(1985) Directed by Lamberto Bava; Written by Dario Argento, Lamberto Bava, Dardano Sacchetti and Franco Ferrini; Starring: Urbano Barberini, Natasha Hovey, Karl Zinny and Fiore Argento; Available on DVD
I wanted to start off by expressing my sincerest thanks to Kevin J. Olson at Hugo Stiglitz Makes Movies for hosting this third annual Italian Horror Blogathon. This is my second go-round, after last year’s review of Cemetery Man, and I don’t feel that I’m any closer to cracking the enigma of Italian horror cinema, but I’m enjoying the ride. This beguiling, often frustrating category keeps me returning for more like some virtual Stockholm Syndrome. This year, I chose to discuss the seminal 1980s gorefest, Demons, from director/co-writer Lamberto (son of Mario) Bava.
Demons doesn’t make a whole lot of sense. It plays more like a fever dream than a coherent narrative, with everything rushing by in a sort of hazy blur. I practically hurt my brain, straining to find the subversive social commentary before coming to the realization that there was none to be found. There, I said it. I feel better getting that off my chest. Let’s move on, shall we?
The opening scene takes place in the Berlin subway, where a mute man in a silver mask (Michele Soavi*) hands out passes to a free screening at the Metropole movie theater. Most of the film takes place in the theater, as we observe the patrons clambering for a way out, wishing that they’d stayed at home. There’s something instantly compelling about watching people in a cinema watching another movie, like staring into one of those trick mirrors that show an endless series of mirrors within. The movie-within-a-movie concept has been done before, but never to such gory effect. The audience members derive vicarious thrills by watching a movie (the title is never mentioned) about demons and an ancient prophecy by Nostradamus, until everything gets a little too real on the other side of the screen. Everything quickly devolves into chaos as the action in the theater mimics the atrocities in the film.
* Mr. Soavi (who coincidentally directed Cemetery Man) really earned his paycheck with this movie, by playing two roles in the film, and serving as the assistant director.
Bava commented that he wanted to set his demons apart from the zombies in George Romero’s Living Dead films. Indeed, Demons is faster paced and more frenetic than most other zombie flicks, with the titular creatures possessing a sort of rabid energy. While short on logic or believability, many of the scenes convey a certain manic je ne sais quoi, where absurdity rules supreme. You can’t predict what’s coming next. Some highlights include a fully grown demon emerging from the back of one of the unfortunate theater patrons, and film’s nominal hero, George (Urbano Barberini), riding a motorcycle down the theater aisle while slicing demons apart with a katana. We also witness a group of coke-fueled punks * stumble into the theater, despite the fact that none of the theater-goers seem to be able to find an exit. In another mind-numbingly inexplicable scene, a helicopter suddenly crashes through the theater’s ceiling (asked why, Bava simply replied that he liked the idea).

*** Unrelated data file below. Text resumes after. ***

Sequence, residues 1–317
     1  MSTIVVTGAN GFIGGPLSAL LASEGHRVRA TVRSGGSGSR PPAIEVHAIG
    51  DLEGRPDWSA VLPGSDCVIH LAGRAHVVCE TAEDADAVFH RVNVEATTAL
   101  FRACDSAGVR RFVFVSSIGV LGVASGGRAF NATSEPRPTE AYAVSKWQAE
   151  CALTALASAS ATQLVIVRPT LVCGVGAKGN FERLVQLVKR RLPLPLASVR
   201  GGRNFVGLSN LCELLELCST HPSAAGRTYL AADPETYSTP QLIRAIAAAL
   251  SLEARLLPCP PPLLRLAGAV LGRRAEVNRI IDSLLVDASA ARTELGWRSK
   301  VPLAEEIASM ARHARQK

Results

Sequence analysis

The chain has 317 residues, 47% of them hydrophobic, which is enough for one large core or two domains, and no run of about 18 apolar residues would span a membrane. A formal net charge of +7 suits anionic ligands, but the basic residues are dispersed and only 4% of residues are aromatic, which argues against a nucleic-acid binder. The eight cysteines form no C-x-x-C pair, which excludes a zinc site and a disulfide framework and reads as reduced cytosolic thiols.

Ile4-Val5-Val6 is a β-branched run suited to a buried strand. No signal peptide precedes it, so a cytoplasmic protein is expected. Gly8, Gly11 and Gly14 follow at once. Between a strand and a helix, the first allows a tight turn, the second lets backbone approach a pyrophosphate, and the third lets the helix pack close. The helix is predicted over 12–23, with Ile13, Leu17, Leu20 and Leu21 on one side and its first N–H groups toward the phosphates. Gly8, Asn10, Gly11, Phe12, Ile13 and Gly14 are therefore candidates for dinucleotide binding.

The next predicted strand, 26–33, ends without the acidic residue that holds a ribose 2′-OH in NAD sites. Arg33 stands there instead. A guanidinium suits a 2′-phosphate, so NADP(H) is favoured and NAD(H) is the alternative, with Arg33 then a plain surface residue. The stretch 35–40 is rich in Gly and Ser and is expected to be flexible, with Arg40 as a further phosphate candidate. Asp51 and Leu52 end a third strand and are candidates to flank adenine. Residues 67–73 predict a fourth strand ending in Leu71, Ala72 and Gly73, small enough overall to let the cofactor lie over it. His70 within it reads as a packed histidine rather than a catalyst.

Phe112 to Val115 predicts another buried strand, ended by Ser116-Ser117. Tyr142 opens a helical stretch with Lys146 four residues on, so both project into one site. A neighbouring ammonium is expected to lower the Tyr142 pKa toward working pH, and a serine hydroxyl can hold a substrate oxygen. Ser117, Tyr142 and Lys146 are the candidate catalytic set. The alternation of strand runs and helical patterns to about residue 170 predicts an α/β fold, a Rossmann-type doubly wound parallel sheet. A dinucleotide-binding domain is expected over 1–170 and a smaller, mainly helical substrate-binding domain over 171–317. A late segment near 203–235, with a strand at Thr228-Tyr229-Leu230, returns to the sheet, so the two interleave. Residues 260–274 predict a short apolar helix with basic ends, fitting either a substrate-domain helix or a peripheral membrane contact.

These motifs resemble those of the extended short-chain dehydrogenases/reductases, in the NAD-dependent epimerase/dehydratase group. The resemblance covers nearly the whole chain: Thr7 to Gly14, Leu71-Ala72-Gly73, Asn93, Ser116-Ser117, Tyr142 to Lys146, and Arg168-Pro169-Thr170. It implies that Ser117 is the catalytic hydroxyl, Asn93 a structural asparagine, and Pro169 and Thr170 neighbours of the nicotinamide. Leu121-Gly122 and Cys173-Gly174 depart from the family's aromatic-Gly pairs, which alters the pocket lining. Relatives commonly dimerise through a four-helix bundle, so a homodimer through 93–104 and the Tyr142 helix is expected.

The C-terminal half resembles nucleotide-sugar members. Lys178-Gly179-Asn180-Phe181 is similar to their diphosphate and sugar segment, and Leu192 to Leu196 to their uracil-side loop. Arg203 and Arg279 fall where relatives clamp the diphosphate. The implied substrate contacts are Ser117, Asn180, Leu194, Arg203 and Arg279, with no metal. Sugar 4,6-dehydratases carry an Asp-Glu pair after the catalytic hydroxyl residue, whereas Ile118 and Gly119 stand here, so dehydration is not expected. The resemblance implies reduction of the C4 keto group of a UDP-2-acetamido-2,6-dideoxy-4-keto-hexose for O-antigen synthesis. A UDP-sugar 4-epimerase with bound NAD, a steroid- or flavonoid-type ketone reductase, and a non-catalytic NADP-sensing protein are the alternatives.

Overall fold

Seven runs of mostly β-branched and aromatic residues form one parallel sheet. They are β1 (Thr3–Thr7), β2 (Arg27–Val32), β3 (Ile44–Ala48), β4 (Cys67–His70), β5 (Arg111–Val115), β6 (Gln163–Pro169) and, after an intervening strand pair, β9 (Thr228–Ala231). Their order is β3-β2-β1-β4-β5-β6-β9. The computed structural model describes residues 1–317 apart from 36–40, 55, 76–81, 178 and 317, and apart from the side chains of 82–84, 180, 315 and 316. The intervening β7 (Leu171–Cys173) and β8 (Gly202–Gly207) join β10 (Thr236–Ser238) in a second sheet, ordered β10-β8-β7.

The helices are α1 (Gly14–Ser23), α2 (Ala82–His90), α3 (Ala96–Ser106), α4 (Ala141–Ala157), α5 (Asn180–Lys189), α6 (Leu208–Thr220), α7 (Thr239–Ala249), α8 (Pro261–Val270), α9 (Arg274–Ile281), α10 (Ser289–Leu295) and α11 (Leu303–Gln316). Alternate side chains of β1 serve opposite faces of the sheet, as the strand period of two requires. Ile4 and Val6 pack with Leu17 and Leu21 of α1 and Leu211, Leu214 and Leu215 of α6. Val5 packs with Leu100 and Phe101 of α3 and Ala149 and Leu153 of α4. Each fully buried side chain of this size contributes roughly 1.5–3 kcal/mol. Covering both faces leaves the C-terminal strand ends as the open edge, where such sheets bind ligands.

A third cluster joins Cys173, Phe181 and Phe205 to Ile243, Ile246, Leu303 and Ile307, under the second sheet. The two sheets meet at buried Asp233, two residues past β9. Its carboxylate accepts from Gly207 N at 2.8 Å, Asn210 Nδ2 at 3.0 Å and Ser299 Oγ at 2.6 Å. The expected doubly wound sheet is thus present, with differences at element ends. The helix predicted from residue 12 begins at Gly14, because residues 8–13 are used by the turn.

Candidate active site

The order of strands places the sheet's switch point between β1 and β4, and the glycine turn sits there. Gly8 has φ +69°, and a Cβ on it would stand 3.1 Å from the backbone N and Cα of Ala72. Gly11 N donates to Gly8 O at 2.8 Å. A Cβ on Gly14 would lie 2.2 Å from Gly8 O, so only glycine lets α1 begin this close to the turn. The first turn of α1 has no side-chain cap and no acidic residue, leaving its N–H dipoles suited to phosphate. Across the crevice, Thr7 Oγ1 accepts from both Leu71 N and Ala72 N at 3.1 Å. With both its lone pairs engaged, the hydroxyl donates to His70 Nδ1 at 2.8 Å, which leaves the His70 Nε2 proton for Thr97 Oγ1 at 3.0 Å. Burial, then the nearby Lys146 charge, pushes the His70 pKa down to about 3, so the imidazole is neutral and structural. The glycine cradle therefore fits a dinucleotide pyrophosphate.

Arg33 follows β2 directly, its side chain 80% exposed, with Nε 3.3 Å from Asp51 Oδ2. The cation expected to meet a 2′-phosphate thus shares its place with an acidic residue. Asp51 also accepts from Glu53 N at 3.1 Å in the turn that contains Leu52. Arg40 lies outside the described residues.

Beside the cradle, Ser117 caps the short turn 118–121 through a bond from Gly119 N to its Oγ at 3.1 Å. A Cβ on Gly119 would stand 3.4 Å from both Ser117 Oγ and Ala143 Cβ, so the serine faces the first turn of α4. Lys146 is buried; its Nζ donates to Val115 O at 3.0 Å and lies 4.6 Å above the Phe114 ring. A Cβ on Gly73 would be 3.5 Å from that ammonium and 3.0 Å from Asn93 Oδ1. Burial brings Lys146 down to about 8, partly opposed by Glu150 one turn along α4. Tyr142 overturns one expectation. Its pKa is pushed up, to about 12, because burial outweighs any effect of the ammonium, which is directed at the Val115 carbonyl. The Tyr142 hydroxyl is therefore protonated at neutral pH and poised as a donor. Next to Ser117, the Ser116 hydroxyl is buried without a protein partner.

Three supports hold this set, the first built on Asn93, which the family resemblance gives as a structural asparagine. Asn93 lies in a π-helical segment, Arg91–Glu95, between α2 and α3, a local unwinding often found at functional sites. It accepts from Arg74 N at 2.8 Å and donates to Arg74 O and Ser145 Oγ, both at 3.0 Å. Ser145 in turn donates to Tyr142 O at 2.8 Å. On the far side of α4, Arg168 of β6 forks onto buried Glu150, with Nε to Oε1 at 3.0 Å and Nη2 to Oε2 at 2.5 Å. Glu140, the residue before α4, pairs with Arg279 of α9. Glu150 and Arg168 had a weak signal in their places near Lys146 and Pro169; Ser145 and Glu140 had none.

* In this case, it’s not mere hyperbole. No, really. We witness four punks snorting cocaine from a can of coke. Frankly, I’m surprised the Coca-Cola Company didn’t sue because of that scene. Ahh.. but those were the 80s.
(Spoiler alert: If you want to remain spoiler free, I recommend skipping ahead to the last paragraph.)
In the film’s climax, it’s revealed that the demons are not confined to the theater, but outside (presumably everywhere) as well. This seems to suggest a cause-and-effect relationship between the demon infestation inside and outside the theater, with the movie within a movie being the common link. Is it art imitating life, or life imitating art? Or was everything predestined to happen this way from the start? Demons is short on answers, and doesn’t provide any solace for those who are accustomed to a clear resolution. The only thing that appears certain, by the film’s conclusion, is that there’s nowhere safe to run to.
There’s not a lot to be said about the characters, but that’s probably not the point. The story is told in broad strokes, in which the frenzied audience could be seen as a single character. They react to the demons as one large organism would react to an infectious disease.
Demons works on a primal level, achieving its modest goals successfully. Audiences didn’t go to this for nuanced performances or insightful social commentary. They wanted to see lots of goopy monsters run amok, and their victims meet horrible ends. In this respect it succeeds admirably. It won’t likely change your views about Italian horror and its excesses, but you probably know where you stood with this genre already. Gorehounds and fans of 80s horror will find much to love here; all others need not apply.